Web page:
User currently offlineMlsrar From United States of America, joined Mar 2000, 1417 posts, RR: 8
Reply 7, posted (10 years 5 months 2 weeks 22 hours ago) and read 4800 times:

If US were to go under, I definitely see them coming to PHL.

I would have serious doubts about that, given the ability to feed and codeshare with AA. I could see DFW and MIA as logical expansion options, giving preferable South-American connections, but its just my .02.

I am also in agreement that there should be no retension of the SNN stops.



I mean, for the right price I’ll fight a lion. - Mike Tyson
User currently offlineARN From Sweden, joined Feb 2001, 263 posts, RR: 0
Reply 8, posted (10 years 5 months 2 weeks 22 hours ago) and read 4751 times:

If they would extend runway 10/28 in Dublin beyond current 2637 meters to normal standards, it would almost reach into the Limerick area, given the smallness of this country.

If the same conditions would have been implemented in other countries, half of the US-bound SK-flights would have to land in Billund on route from CPH, flights from MXP had to land in Turin and flights from MAD had to descend into Santiago de Compostela etc.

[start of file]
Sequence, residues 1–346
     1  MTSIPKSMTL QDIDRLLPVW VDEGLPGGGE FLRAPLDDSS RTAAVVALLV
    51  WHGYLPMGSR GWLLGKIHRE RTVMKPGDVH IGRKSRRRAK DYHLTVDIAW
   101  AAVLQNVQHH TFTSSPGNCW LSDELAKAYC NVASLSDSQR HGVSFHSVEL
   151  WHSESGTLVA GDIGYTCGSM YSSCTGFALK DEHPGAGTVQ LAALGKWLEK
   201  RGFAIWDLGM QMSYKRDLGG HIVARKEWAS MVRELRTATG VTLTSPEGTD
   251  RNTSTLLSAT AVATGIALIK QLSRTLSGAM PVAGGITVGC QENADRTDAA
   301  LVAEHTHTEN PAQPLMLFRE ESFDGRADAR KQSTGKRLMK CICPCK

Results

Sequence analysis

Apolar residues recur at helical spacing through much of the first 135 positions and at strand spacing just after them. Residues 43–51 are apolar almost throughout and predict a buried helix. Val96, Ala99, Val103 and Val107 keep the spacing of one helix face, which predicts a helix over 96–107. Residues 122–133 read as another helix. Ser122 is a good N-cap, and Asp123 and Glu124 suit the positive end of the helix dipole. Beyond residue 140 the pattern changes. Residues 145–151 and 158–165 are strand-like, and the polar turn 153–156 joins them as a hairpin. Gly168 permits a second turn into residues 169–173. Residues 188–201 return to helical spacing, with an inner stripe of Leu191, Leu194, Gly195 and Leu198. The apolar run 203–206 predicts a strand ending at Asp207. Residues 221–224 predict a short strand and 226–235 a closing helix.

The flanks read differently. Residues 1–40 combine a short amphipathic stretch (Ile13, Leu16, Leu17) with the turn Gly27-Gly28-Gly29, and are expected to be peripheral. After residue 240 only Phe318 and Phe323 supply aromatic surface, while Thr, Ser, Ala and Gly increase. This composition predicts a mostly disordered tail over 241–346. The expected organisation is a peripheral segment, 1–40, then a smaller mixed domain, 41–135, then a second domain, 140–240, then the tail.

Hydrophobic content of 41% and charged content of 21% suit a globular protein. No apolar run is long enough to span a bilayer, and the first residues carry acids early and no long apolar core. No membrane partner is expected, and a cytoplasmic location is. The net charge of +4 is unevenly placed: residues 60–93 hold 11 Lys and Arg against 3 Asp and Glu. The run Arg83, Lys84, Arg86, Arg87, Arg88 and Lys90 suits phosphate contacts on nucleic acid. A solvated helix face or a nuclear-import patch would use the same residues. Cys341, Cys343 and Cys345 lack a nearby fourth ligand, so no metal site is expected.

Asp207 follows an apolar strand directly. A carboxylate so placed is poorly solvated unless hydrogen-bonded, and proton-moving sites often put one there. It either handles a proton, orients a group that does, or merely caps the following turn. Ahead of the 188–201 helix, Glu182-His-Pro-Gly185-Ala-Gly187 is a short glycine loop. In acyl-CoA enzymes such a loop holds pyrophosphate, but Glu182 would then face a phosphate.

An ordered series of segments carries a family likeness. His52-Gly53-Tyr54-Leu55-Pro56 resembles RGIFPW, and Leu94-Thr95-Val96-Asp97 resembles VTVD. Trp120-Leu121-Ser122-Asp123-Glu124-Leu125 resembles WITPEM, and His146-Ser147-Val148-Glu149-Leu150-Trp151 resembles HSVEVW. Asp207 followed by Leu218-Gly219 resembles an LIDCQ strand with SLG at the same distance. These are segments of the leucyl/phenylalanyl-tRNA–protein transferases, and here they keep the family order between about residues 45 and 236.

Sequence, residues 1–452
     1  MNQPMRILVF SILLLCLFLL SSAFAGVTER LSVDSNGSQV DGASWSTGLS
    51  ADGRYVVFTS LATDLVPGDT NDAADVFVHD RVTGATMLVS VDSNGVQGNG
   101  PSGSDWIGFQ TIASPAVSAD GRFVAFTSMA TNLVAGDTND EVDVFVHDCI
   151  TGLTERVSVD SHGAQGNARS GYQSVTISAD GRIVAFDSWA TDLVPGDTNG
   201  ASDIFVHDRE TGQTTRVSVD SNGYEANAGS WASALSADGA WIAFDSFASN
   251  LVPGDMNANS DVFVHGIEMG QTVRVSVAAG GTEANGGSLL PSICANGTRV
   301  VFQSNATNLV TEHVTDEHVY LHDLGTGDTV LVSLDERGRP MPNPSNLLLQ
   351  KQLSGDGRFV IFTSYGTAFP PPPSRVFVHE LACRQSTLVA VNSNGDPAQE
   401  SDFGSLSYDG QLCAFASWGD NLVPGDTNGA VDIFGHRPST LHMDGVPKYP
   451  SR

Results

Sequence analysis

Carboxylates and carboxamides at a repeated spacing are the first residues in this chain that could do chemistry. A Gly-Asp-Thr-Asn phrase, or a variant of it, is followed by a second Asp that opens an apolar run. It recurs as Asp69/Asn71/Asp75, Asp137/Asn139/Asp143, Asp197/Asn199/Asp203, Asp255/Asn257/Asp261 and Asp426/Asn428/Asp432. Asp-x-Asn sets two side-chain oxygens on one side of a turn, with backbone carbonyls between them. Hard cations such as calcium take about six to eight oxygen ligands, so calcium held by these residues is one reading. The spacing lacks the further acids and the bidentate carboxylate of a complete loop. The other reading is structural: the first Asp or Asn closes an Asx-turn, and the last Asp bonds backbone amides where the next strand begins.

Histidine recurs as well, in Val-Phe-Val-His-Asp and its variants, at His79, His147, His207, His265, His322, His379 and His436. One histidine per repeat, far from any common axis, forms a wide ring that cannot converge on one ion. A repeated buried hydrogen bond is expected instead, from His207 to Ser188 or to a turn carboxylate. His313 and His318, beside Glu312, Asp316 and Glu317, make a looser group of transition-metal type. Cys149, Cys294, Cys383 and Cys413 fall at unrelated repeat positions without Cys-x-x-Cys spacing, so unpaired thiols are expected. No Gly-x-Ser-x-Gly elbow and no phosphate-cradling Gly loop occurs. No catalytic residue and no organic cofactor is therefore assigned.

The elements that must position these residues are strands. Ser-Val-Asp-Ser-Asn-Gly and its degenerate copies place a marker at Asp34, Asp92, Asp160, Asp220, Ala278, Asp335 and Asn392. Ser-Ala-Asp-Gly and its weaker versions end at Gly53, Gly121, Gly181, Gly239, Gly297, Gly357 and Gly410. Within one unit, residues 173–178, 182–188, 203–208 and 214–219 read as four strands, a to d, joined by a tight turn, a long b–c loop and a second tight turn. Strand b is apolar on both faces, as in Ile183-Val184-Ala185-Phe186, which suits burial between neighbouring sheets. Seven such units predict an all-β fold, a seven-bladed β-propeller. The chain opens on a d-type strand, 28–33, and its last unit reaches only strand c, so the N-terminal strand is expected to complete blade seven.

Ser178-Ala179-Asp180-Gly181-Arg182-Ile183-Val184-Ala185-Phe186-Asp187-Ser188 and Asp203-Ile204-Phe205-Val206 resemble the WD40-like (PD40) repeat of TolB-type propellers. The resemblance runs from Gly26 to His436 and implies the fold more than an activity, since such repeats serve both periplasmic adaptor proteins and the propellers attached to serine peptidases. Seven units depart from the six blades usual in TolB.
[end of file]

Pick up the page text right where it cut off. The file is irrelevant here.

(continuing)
User currently offlineStyles From United States of America, joined Jul 2003, 89 posts, RR: 0
Reply 9, posted (10 years 5 months 2 weeks 22 hours ago) and read 4730 times:

Interesting news. For some reason EI seems to be set on US expansion at the expense of any new non US long haul routes, such as the much rumoured CPT service as well as possibly KUL and/or SIN. I suppose EI would prefer to go with Airbus for long haul a/c but the point about needing metal soon if they were to go ahead may also open the door for Boeing to make a pitch. It is not too far off the mark to consider the political implications of a Boeing purchase. Will EI be returning the leased a/c at the lease end? If so, is anyone aware of the time line?

As for possible new US gateways I agree that MIA and SFO are good bets, but you may also see MCO as one.


User currently offline747firstclass From , joined Dec 1969, posts, RR:
Reply 10, posted (10 years 5 months 2 weeks 22 hours ago) and read 4624 times:

The US might agree to a 2:1 ratio only on a specified, cast in stone, very, very short term transition period to the Shannnon requirement being permanently lifted.